Focus on quality at Jeevan Stem Cell Bank

Dr. Srinivasan - R. Prasad-Optimized
Jeevan Stem Cell Bank has so far stored 4,241 public cord blood units. – Photo: R. Prasad

After setting out a 70:30 ratio for storing public and private cord blood units when it started collecting units in late 2008, the Chennai-based Jeevan Stem Cell Bank has today become a purely public cord blood bank. “We stopped collecting private cord blood units since 2012,” said Dr. Saranya Narayan, Medical Director of Jeevan Stem Cell Bank. “It’s now a 100 per cent public cord blood bank.”

Though the initial target was to store 35,000 public cord blood units in five years’ time, the Bank has so far stored 4,241 public cord blood units and 200 private cord blood units. Till date it has collected nearly 8,400 units. “The collection was very slow between 2008 and 2013, due to lack of funding. But after 2013 we have been collecting 2,000 samples a year,” said Dr. P. Srinivasan, Chairman of Jeevan Blood Bank.

While only 660 units were stored between 2008 and 2013, the numbers shot up after 2013. Currently 4,241 units are stored at Jeeven Stem Cell Bank.

Explaining the rationale for rejecting nearly half the number of samples collected, Dr. Srinivasan said: “We now follow the NetCord-FACT International Standards for cord blood collection. The Standards demand that there are at least 500 million mono nucleated cells per bag of stem cell stored.”

Since early last year, transplant surgeons internationally have started using cord blood cells on adults and hence prefer those units which have larger cell counts. Even in the case of children, 25 million cells per kilogram of body weight of the patient are required. Since the maximum weight of children is 30-40 kg, a higher cell count per bag is preferred.

Another reason for seeking higher cell count per bag of unit stored is the fact that during storage, which may be for years, there is a drop in the number of viable cells. As a result, the number of mono nucleated cells per bag now preferred for storage is 1.25 billion.

Dr. Saranya. Photo R. Prasad-Optimized.jpg
The focus is on quality rather than on quantity, says Dr. Saranya. – Photo: R. Prasad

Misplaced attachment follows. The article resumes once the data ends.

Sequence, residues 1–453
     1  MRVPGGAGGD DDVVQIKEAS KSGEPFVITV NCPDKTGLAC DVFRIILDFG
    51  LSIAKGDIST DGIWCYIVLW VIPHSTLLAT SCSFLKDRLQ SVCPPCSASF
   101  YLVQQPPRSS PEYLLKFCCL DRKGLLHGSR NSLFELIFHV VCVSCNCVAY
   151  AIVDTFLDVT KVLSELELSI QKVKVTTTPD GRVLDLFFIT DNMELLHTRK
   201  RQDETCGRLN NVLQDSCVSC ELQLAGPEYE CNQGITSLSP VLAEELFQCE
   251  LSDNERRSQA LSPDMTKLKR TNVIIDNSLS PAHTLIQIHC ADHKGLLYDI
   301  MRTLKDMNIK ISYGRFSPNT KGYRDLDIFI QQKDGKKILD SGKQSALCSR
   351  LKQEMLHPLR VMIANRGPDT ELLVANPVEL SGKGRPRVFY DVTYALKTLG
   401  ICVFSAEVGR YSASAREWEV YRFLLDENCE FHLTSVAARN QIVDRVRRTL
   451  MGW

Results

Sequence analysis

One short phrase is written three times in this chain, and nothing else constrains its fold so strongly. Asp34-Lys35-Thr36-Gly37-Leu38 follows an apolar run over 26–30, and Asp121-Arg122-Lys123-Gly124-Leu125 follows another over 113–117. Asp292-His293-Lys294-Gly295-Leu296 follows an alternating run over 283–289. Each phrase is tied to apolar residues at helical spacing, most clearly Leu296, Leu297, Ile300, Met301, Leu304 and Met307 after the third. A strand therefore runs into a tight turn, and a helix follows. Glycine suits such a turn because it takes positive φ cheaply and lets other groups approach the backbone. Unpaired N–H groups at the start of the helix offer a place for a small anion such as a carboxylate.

“We have taken the minimum cell count per bag from 500 million to 750 million,” said Dr. Srinivasan. The need for higher cell count has had it own operational impact. For instance, if as much as 80 per cent of cord blood donations were accepted earlier, it has now dropped sharply to 40 per cent. The volume of cord blood collected has become important, as those with more cord blood tend to have higher cell count. Cord blood donations less than 50 ml in volume (which includes plasma, platelets, RBCs, etc) are rejected. “The focus is on quality rather than quantity,” said Dr. Narayan.

Besides volume of cord blood collected, the cell count depends on several factors such the weight of the baby, size of the placenta, thickness and length of the umbilical cord, birth order of the baby and age of the mother. According to them, nearly 60 per cent of cord blood units stored in public cord blood banks cannot be used for transplantation owing to less cell count.

Since it is a public cord blood bank, Jeevan is making great efforts to collect units from across the country. This becomes necessary due to antigen diversity seen in the Indian population. Currently, samples are predominantly collected from Chennai in TN and other southern States. “We do get samples from rest of the country, except Kashmir and some parts of Northeast India,” said Dr. Srinivasan. “We are consciously trying to get samples from the rest of the country.”

Samples are mainly collected from private practitioners because one of the main requirements for issue of a unit from Jeeven Stem Cell bank for transplantation is that the health of the donor has to be known before the unit is given. Follow-up of patients is poor if not absent in government hospitals.

Thanks to the Rs.9 crore donation by the Tamil Nadu government, Jeeven Stem Cell Bank has been able to store more samples after 2013. It has already used the first instalment of Rs.3 crore. In April 2014, it received a loan of Rs.15.4 crore at 1 per cent interest from the Technology Services Revolving Fund managed by ICICI.

Cost to patients

Jeevan provides samples free of cost to those whose annual income is less than Rs.5 lakh; it charges Rs.50,000 from those who earn Rs.5-10 lakh per annum and Rs.2 lakh for those earning above Rs.10 lakh a year.

Since Jeevan Stem Cell Bank has received funding from the Tamil Nadu government, all patients from the State will get samples free of cost. “It’s our commitment to the Tamil Nadu government,” Dr. Srinivasan said.

Public banking favoured

The concept of public cord blood banking is much favoured even by the American Academy of Paediatrics.

In its recommendations in 2007, the Academy made a strong case for public cord blood banking. The Academy even went to the extent of clearly stating that storing cord blood for self-use or for use by a family member at a later date should be “discouraged.”

The chances of self-use when stored in private banks are slim — 1 in 1000 to 1 in 2,00,000 or less.

Published in The Hindu on January 18, 2016

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